Presumably they wouldn’t want to explain these basic principles about passing on the expense of the advertising to the consumers and that it isn’t the most effective way of providing accurate information to the consumers since they may have also had their won conflicts of interests that could be exposed if people were in the habit of thinking about how this impacts business of all kinds and how other advertising may also turn into scams.

Ironically these scams might be very similar to the scandal involving money changers that was exposed to some degree by Jesus at least according to the beliefs that many of these sponsors of the current scams who are mostly Christians.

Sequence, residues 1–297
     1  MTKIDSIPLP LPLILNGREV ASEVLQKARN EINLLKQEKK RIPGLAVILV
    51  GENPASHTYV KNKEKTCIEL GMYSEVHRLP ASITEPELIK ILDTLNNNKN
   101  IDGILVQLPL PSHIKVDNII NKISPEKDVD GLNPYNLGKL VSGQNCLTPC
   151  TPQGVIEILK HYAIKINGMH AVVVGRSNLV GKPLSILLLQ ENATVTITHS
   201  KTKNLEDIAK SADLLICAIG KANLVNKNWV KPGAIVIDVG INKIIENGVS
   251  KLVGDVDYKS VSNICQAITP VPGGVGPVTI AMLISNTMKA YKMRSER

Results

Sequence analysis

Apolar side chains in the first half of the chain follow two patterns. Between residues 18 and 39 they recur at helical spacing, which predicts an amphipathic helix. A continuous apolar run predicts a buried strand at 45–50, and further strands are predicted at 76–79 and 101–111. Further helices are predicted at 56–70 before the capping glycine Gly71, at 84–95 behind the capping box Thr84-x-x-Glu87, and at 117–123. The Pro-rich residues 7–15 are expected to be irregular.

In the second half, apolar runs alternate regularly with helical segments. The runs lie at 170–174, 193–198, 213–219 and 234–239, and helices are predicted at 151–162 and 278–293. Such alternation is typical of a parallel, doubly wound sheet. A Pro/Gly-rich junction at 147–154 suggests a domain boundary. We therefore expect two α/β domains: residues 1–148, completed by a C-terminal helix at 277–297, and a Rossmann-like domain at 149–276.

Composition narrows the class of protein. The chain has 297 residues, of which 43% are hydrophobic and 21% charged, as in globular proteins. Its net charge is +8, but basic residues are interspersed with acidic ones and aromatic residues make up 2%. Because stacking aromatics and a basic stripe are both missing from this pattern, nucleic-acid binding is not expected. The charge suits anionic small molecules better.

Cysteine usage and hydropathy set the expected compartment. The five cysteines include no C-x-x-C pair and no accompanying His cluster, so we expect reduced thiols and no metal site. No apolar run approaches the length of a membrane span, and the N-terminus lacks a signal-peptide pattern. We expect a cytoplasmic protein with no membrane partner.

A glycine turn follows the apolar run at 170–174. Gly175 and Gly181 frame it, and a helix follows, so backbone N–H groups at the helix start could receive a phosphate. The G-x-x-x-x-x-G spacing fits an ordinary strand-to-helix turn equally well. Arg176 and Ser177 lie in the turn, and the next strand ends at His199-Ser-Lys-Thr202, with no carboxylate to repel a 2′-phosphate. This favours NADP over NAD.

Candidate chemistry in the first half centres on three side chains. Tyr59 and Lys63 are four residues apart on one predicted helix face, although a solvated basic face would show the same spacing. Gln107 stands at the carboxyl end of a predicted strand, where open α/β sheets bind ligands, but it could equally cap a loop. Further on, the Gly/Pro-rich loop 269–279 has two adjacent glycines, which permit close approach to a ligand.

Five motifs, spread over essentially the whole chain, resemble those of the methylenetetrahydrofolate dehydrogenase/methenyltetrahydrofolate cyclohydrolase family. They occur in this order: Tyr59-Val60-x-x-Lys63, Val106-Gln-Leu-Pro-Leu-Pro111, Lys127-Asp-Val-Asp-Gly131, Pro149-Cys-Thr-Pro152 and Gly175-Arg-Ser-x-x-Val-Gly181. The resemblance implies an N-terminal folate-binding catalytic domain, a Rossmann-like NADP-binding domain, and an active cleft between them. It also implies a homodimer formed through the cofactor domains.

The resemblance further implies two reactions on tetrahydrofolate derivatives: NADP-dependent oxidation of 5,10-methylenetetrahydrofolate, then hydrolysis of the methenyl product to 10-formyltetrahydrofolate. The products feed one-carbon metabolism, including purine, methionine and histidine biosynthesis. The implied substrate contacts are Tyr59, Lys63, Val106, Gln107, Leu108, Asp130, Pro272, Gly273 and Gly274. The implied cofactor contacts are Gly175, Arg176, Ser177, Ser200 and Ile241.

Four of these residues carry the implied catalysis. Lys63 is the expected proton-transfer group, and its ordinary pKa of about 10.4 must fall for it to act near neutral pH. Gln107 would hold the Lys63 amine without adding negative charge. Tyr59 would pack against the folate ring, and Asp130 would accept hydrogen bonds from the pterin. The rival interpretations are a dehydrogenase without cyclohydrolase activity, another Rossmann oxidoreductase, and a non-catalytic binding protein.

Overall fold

Ironically this may have blown over for a little while but Goldline was charged with fraud eventually but they still don’t seem to have pointed out the basic flaws in this scam; instead they focused on the bait and switch tactics involving selling people something even more fraudulent than some of the other scam artists. Apparently under an agreement of “no further criminal charges, Goldline has agreed to refund all the money….” Or perhaps they’re only returning the money for the most extreme scams that they’ve been exposed at participating in and they continue to do business with the less extreme business scams that they and all the other scam artists continue to run; and the media continues to take an enormous amount of the profit when they sell the advertising that makes all this possible and they aren’t even considered among the scam artists.